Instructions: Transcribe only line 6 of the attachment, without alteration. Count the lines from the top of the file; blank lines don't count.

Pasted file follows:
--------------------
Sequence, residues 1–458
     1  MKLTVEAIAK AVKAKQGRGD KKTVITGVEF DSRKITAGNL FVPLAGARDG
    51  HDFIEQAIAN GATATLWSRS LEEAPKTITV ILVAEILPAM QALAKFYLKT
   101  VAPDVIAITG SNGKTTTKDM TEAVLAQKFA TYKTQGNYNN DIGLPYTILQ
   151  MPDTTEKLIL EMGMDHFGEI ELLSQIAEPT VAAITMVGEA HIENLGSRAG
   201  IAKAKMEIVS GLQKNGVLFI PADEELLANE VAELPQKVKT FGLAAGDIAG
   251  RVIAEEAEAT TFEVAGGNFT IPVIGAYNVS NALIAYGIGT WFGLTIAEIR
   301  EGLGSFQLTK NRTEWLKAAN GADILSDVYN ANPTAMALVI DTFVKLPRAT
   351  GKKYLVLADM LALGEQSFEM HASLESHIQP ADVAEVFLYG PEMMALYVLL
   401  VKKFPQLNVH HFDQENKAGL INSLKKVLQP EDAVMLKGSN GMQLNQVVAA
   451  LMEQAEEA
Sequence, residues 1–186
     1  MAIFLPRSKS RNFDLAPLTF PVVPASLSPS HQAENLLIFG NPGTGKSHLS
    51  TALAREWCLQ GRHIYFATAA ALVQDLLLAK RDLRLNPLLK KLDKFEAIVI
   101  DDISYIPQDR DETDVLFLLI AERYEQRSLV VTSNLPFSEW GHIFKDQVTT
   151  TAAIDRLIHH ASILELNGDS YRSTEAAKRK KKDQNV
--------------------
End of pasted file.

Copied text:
   201  IAKAKMEIVS GLQKNGVLFI PADEELLANE VAELPQKVKT FGLAAGDIAG